EUA’s Humans of English: Tia Chen-Wong
Here’s the next installment in EUA’s Humans of English series; this reflection is by freshman Tia Chen-Wong.
Tell us a little about yourself.
I originally hail from a small suburb in Orange County, California called Rancho Santa Margarita, and now I am a freshman double majoring in English and Pre-Haas here at Berkeley. Literature and language have always been a passion of mine; as a child I read all the books I could get my hands on and was constantly writing plays, novels, and poetry. In high school I divided my time between the Literary Magazine Club, Chamber Orchestra, and Girl Scouts; this year, I served as co-president of Hall Association in my residential unit and started working as an office assistant at the RSF. For career aspirations, I hope to apply my writing and communication skills to the creative side of business, particularly marketing.
How has English literature impacted your life?
Literature has been a major lifeline and inspiration in my life. I cannot overstate the impact it has had on my academic and personal growth. Ever since childhood, I have read everything I could get my hands on, from fantasy to science fiction to murder mysteries to literary classics. I love that I can escape the limitations and mundanity of ordinary life through reading, and I enjoy exposing myself to different perspectives, philosophies, and world cultures that I have never come into contact with before. Most of all, literature has made me a better person: it has stimulated my imagination, taught me empathy, and shown me what it means to be human. It has also inspired me to become an advocate for child literacy, and two years ago I created and implemented my own summer reading program for my Girl Scout Gold Award at local day care centers. This incredibly rewarding experience demonstrated to me the importance of education and inspired me to champion the literary cause.
What has your experience with Berkeley’s English Department been like? (Professors, office hours, events, classmates, GSIs, etc.)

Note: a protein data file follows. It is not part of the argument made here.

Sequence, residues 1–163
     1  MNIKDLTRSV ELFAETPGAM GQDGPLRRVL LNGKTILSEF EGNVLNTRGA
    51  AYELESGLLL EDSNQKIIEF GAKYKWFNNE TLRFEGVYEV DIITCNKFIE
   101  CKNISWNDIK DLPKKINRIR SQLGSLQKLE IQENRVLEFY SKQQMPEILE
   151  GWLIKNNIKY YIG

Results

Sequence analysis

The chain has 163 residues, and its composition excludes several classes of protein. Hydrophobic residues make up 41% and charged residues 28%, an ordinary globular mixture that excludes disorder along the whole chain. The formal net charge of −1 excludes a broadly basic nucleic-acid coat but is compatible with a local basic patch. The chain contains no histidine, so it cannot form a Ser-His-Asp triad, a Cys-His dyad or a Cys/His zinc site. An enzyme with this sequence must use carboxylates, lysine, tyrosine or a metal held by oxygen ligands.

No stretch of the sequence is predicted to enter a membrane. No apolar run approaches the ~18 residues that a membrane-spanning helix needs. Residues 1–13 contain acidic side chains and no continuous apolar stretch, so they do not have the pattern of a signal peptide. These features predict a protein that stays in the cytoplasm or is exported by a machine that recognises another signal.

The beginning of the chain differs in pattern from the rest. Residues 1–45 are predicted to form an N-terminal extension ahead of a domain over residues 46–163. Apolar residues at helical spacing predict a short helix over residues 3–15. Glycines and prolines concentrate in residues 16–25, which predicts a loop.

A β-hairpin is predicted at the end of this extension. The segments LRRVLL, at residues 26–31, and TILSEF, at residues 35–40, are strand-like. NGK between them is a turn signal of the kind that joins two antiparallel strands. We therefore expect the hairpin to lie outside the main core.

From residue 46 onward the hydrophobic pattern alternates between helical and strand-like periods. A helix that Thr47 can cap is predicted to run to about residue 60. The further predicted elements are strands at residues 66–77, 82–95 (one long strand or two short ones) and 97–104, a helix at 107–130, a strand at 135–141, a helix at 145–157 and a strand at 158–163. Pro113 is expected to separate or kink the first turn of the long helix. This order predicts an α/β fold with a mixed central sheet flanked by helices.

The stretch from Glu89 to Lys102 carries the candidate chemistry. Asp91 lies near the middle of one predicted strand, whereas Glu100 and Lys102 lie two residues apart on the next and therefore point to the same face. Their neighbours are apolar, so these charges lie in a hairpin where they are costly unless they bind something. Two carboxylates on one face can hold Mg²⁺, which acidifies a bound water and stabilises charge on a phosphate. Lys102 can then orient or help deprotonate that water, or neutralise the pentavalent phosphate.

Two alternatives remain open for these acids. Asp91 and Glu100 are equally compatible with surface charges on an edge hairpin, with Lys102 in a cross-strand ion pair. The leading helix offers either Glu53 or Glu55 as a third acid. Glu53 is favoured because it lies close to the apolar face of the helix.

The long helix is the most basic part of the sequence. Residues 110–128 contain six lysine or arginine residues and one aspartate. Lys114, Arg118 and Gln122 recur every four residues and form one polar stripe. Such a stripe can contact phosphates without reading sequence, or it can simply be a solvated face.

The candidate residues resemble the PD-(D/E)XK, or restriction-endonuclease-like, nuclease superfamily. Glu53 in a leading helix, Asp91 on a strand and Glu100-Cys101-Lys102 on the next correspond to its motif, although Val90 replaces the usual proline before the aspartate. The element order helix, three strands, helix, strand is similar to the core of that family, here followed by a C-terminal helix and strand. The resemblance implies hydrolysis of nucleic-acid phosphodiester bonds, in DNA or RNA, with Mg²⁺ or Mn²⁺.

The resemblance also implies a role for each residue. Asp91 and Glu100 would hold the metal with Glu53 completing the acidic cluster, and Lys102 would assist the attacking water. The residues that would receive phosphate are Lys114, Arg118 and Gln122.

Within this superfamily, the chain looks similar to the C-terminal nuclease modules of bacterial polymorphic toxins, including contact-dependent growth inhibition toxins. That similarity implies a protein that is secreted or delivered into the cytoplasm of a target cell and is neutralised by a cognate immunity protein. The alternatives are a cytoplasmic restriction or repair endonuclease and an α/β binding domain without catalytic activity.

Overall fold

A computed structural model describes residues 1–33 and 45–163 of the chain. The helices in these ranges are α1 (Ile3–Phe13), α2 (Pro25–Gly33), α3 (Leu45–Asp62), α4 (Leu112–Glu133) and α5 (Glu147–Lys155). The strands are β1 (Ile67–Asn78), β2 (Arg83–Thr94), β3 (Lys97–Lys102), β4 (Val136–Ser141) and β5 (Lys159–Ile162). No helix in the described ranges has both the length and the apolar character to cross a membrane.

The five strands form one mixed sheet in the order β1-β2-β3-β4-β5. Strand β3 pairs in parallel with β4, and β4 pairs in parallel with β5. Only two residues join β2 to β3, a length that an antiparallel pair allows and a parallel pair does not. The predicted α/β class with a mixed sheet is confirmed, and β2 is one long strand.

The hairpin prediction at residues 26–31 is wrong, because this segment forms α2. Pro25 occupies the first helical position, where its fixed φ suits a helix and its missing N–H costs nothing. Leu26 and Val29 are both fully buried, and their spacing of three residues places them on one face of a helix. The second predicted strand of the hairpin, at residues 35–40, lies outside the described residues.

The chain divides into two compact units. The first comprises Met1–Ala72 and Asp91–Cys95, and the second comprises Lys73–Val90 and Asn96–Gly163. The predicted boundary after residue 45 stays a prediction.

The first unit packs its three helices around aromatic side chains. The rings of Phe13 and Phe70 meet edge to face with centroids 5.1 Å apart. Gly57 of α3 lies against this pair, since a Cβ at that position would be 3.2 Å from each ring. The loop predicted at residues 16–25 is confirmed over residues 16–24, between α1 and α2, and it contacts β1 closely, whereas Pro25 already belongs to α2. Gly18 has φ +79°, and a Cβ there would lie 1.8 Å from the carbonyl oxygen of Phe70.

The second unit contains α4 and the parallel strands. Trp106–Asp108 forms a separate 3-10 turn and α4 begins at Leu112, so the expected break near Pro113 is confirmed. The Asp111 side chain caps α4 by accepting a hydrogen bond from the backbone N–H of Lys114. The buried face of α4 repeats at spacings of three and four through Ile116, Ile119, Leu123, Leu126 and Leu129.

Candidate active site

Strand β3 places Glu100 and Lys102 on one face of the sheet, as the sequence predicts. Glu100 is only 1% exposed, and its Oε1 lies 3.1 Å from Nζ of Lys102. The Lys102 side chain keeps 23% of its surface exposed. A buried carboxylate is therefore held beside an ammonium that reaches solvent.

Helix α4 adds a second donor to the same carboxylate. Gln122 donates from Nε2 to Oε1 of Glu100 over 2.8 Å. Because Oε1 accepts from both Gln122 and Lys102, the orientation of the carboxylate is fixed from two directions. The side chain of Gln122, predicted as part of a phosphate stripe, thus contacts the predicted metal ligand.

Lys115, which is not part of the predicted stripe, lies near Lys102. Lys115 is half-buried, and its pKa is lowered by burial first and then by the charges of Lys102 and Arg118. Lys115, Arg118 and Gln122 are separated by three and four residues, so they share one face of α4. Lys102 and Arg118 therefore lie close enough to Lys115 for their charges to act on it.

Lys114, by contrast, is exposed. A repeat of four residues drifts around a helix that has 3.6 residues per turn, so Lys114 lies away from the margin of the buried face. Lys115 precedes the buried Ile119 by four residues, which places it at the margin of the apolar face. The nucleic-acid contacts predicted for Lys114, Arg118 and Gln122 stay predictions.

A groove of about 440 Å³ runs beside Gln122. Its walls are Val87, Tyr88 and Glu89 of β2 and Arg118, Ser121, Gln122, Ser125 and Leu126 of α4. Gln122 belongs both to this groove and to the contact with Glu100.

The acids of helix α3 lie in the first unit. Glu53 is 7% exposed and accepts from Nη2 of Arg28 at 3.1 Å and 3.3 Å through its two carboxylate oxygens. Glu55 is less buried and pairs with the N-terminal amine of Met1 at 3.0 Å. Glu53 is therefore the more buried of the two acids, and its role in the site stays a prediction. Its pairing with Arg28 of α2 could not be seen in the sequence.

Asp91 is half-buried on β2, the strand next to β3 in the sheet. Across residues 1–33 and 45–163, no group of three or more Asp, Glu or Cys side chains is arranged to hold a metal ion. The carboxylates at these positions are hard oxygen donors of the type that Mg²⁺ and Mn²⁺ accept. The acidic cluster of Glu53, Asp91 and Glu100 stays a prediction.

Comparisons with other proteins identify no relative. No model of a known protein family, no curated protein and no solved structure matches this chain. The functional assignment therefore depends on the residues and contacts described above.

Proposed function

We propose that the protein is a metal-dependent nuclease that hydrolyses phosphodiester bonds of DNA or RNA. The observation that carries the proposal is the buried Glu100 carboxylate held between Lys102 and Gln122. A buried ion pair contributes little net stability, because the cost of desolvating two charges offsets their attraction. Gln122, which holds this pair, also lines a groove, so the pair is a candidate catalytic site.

My experience with Berkeley’s English Department has been nothing short of fantastic. All of my professors have been stimulatingly engaging and wonderfully open and friendly. Likewise, my GSI’s have been incredibly intelligent but approachable as well, always willing to stay a few minutes after class or set up an extra appointment to answer my questions. In lecture and in section, I am always encouraged to participate in class with the knowledge that my input will be valued and not discredited. Moreover, my fellow classmates never fail to surprise and impress me with their thoughtful analyses, and this inspires me to do better in return.
Tell us about a favorite class or professor here in the English Department.
I absolutely love the class I am taking now, English 45C. Not only are we reading great novels like The Sound and the Fury, Dubliners, and The Picture of Dorian Gray, we are also learning a lot about Faulkner, Joyce, Wilde, and the time periods in which they lived in. And in the discussion sections I have in class and in the papers I write, I find that I am constantly improving my ability to articulate my thoughts and present a coherent, persuasive argument in a clear, precise manner. Professor Flynn is exceptionally perceptive, witty, and kind, and I can’t say enough good things about my brilliant GSI, Serena Le. A huge thank you to both of them for making my spring semester in the English department so enjoyable!
When it comes to undergraduate students in the English Department, The English Undergraduate Association is a community touchstone for one of the largest departments in the College of Letters and Science at UC Berkeley. Since 1993, the English Undergraduate Association has hosted activities, provided opportunities to network, and helped English majors connect with one another. The EUA’s Humans of English series highlights the myriad stories of English majors in the department.